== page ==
Carnegie India Announces New Hires
JANUARY 07, 2019
Carnegie India announced today the hire of four new researchers.
NEW DELHI – Carnegie India announced today the hire of four new researchers.
Launched in 2016 and based in New Delhi, Carnegie India is one of six global centers of the Carnegie Endowment for International Peace. Rudra Chaudhuri succeeded Raja Mohan as director in 2018. “I am honored,” said Chaudhuri, “to welcome four extraordinary colleagues to Carnegie India to strengthen further our work in priority areas of security studies, political economy, and technology and society.”
Srinath Raghavan joins Carnegie India as a senior fellow leading its security studies work. Raghavan comes to Carnegie India from the Centre for Policy Research in New Delhi. He is also a professor of international relations at Ashoka University in New Delhi, and the recipient of the Infosys Prize (2015) in social sciences and the K. Subrahmanyam Prize (2011) for outstanding contributions to strategic studies. He is the author of several highly acclaimed books, including The Most Dangerous Place: A History of the United States in South Asia (Penguin/Basic Books, 2018); India’s War: The Making of Modern South Asia 1939-45 (Penguin/Basic Books, 2016); and 1971: A Global History of the Creation of Bangladesh (Permanent Black/Harvard University Press, 2013).
Anirudh Burman, a senior research analyst, comes to Carnegie from the National Institute of Public Finance and Policy in New Delhi, where he was a legal consultant. His research will focus on issues relating to public institutions, public administration, and financial and regulatory governance. Burman will develop the Political Economy Program at Carnegie India.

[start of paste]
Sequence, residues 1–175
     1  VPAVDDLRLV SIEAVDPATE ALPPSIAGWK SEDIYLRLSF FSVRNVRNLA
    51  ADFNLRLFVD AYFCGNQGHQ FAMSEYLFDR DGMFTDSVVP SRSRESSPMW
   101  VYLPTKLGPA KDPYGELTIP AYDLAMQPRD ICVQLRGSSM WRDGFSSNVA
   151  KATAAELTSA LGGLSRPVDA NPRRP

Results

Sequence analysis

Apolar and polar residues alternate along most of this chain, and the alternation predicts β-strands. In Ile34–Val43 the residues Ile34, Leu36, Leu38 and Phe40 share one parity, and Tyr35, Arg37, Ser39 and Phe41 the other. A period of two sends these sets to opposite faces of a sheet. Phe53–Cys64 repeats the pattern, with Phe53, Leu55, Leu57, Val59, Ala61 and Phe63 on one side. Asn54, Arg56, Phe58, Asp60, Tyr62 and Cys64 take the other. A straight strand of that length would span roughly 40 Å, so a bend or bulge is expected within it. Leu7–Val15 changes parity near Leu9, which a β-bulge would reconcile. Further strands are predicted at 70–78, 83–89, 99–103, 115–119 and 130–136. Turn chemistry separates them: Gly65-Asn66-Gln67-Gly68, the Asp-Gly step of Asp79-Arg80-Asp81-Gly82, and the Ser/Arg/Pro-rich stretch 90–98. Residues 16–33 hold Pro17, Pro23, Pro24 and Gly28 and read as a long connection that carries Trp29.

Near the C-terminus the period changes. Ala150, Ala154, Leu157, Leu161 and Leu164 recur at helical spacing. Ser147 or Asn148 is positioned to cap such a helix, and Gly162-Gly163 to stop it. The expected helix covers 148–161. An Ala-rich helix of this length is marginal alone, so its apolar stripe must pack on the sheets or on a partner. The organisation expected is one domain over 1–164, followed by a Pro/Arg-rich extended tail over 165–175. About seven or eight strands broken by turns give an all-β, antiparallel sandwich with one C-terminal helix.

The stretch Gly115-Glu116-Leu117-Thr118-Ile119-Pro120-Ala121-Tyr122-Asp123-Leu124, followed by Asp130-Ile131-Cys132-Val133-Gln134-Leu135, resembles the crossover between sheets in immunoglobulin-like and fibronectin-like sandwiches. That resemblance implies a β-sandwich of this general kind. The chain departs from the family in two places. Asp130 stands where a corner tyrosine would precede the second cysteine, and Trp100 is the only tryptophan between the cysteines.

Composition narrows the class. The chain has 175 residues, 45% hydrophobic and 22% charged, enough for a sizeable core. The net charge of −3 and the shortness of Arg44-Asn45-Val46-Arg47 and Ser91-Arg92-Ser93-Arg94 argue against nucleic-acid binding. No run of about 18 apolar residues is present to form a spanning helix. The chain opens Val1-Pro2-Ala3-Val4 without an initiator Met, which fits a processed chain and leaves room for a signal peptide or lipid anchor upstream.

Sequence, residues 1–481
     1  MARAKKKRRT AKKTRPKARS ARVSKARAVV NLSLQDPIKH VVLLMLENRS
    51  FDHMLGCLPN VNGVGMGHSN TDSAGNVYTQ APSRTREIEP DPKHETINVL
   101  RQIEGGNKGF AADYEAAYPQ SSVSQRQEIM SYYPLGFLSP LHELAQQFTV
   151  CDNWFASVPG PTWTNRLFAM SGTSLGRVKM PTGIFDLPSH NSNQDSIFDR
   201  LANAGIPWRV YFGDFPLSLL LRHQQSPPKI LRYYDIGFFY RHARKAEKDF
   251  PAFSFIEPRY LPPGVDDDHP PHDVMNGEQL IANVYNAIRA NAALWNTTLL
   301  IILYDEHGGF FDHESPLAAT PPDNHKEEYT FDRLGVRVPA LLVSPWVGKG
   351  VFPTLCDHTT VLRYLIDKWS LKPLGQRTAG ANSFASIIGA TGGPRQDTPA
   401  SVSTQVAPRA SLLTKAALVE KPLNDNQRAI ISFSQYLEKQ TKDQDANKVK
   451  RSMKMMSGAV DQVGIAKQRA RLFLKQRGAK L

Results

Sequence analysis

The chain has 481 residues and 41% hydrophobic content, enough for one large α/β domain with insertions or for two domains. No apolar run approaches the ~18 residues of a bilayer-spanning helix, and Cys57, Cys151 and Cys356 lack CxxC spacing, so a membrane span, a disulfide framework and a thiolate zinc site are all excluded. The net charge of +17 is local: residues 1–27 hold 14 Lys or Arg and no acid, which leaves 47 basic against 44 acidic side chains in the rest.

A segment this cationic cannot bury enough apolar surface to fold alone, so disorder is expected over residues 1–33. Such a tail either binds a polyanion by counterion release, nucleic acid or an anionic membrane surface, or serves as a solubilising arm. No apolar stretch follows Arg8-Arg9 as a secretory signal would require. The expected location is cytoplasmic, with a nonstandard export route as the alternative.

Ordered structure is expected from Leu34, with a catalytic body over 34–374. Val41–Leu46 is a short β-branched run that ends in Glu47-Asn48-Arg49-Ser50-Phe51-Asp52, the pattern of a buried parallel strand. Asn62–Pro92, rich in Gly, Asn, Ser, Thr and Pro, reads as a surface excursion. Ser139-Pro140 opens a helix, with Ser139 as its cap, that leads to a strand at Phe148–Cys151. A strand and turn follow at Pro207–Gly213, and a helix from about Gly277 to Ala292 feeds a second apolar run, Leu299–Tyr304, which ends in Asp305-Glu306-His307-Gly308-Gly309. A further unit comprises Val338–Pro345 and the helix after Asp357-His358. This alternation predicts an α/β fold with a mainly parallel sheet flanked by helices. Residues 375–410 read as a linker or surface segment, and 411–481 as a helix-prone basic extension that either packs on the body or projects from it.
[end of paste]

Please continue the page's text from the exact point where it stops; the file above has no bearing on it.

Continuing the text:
Malavika Raghavan and Vidushi Marda, both nonresident scholars, will contribute to the center’s work on technology and society and its annual Global Technology Summit in Bengaluru. Raghavan heads the Future of Finance Initiative at Dvara Research in Chennai, India. Her work addresses new challenges for consumer protection in India posed by digital innovations sweeping Indian financial services. Raghavan spent five years with the global law firm Allen and Overy LLP in its London offices. At the time, she was seconded to the Financial Markets Law Committee, established by the Bank of England.
Marda is a legal researcher and a program officer with a nonprofit, Article 19, and at DATACTIVE at the University of Amsterdam. Marda’s work focuses on strengthening human rights considerations within internet infrastructure, particularly at internet governance bodies like the Internet Corporation for Assigned Names and Numbers (ICANN) and the Institute of Electrical and Electronics Engineers (IEEE).
“I am proud of Rudra Chaudhuri’s leadership and enthusiastic about the team he is assembling at Carnegie India—world-class scholars like Srinath Raghavan and the best and brightest from the next generation of Indian scholars and practitioners,” said Carnegie President William J. Burns. “I am confident that together with colleagues across Carnegie’s global network, Carnegie India will continue to make a significant contribution to the most important policy challenges of our time.”
Carnegie does not take institutional positions on public policy issues; the views represented herein are those of the author(s) and do not necessarily reflect the views of Carnegie, its staff, or its trustees.
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